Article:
med0301:~$ source ~/miniconda3/bin/activate
med0301:~$ conda activate gpu-test
med0301:~$ python -c 'import torch; print(torch.cuda.is_available())'
True

Note

Recently, --gres=gpu:tesla:COUNT was often not able to allocate the right partion on it's own. If scheduling a GPU fails, consider additionally indicating the GPU partion explicitely with --partition gpu (or #SBATCH --partition gpu in batch file).

Bonus #1: Who is using the GPUs?

Use squeue to find out about currently queued jobs (the egrep only keeps the header and entries in the gpu partition).

res-login-1:~$ squeue | egrep -iw 'JOBID|gpu'
             JOBID PARTITION     NAME     USER ST       TIME  NODES NODELIST(REASON)
                33       gpu     bash holtgrem  R       2:26      1 med0301

Bonus #2: Is the GPU running?

To find out how active the GPU nodes actually are, you can connect to the nodes (without allocating a GPU you can do this even if the node is full) and then use nvidia-smi.

res-login-1:~$ ssh med0301 bash
med0301:~$ nvidia-smi
Fri Mar  6 11:10:08 2020
+-----------------------------------------------------------------------------+
| NVIDIA-SMI 440.33.01    Driver Version: 440.33.01    CUDA Version: 10.2     |
|-------------------------------+----------------------+----------------------+
| GPU  Name        Persistence-M| Bus-Id        Disp.A | Volatile Uncorr. ECC |
| Fan  Temp  Perf  Pwr:Usage/Cap|         Memory-Usage | GPU-Util  Compute M. |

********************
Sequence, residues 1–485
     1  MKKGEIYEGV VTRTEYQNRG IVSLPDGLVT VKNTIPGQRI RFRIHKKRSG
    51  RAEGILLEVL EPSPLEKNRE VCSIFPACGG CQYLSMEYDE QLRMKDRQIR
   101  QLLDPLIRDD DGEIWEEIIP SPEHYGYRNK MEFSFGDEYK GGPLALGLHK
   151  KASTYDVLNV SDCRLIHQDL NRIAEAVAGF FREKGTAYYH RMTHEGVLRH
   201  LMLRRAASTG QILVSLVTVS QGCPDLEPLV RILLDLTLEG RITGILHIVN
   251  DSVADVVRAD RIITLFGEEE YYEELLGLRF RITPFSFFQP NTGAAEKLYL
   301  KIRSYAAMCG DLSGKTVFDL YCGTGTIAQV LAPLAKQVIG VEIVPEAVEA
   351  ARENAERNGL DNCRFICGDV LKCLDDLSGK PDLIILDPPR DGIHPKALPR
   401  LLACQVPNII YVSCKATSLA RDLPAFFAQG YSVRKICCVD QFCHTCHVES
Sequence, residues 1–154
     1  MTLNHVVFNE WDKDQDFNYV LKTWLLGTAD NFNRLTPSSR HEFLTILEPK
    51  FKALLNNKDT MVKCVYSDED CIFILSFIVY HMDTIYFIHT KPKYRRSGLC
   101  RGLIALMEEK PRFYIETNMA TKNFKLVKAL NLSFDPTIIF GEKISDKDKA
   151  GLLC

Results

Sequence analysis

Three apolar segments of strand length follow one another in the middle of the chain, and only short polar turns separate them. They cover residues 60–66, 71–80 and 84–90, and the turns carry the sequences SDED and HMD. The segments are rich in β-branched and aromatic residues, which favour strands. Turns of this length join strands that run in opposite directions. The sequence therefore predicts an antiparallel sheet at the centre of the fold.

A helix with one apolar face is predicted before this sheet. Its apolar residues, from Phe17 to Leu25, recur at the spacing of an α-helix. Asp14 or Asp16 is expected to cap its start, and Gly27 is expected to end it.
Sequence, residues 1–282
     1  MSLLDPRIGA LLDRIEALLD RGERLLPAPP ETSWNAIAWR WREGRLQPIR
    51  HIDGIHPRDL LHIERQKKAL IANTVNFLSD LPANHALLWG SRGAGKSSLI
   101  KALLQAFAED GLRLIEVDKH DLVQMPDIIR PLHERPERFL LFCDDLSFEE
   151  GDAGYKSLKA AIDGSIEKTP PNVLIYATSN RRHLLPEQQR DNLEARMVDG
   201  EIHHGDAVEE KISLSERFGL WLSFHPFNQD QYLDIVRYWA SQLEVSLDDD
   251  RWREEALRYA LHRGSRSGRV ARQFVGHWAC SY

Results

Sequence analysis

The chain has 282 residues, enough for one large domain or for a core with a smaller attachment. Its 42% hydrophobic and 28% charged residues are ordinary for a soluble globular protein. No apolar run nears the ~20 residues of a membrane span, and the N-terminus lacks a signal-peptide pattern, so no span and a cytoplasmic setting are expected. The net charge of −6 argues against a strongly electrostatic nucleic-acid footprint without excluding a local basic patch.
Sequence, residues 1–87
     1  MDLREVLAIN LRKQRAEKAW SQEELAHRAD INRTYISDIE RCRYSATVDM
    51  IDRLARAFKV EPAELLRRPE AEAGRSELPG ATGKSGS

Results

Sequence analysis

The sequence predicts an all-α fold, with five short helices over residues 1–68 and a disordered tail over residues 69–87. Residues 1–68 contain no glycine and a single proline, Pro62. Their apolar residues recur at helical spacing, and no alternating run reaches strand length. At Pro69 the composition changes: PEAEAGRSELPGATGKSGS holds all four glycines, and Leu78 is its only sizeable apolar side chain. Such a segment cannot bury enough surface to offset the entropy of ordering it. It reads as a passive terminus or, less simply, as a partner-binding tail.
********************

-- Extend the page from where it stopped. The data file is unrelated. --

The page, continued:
|===============================+======================+======================|
|   0  Tesla V100-SXM2...  Off  | 00000000:18:00.0 Off |                    0 |
| N/A   62C    P0   246W / 300W |  16604MiB / 32510MiB |     99%      Default |
+-------------------------------+----------------------+----------------------+
|   1  Tesla V100-SXM2...  Off  | 00000000:3B:00.0 Off |                    0 |
| N/A   61C    P0   270W / 300W |  16604MiB / 32510MiB |    100%      Default |
+-------------------------------+----------------------+----------------------+
|   2  Tesla V100-SXM2...  Off  | 00000000:86:00.0 Off |                    0 |
| N/A   39C    P0    55W / 300W |      0MiB / 32510MiB |      0%      Default |
+-------------------------------+----------------------+----------------------+
|   3  Tesla V100-SXM2...  Off  | 00000000:AF:00.0 Off |                    0 |
| N/A   44C    P0    60W / 300W |      0MiB / 32510MiB |      4%      Default |
+-------------------------------+----------------------+----------------------+

+-----------------------------------------------------------------------------+
| Processes:                                                       GPU Memory |
|  GPU       PID   Type   Process name                             Usage      |
|=============================================================================|
|    0     43461      C   python                                     16593MiB |
|    1     43373      C   python                                     16593MiB |
+-----------------------------------------------------------------------------+

Fair Share / Fair Use

Note that allocating a GPU makes it unavailable for everyone else. There is currently no technical restriction in place on the GPU nodes, so please behave nicely and cooperatively. If you see someone blocking the GPU nodes for long time, then first find out who it is. You can type getent passwd USER_NAME on any cluster node to see the email address (and work phone number if added) of the user. Send a friendly email to the other user, most likely they blocked the node accidentally. If you cannot resolve the issue (e.g., the user is not reachable) then please contact hpc-helpdesk@bihealth.de with your issue.


Last update: August 5, 2022